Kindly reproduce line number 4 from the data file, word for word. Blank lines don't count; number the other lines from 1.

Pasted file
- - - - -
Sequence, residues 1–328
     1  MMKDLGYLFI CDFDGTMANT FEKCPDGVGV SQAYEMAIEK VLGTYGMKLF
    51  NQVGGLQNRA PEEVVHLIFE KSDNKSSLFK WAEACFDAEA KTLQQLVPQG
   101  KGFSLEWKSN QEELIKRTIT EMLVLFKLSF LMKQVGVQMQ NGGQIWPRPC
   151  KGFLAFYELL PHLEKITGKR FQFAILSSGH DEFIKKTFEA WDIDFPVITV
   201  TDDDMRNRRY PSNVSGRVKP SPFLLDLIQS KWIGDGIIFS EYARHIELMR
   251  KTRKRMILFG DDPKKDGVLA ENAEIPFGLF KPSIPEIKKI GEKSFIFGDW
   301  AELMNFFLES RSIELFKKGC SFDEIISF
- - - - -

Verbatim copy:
   101  KGFSLEWKSN QEELIKRTIT EMLVLFKLSF LMKQVGVQMQ NGGQIWPRPC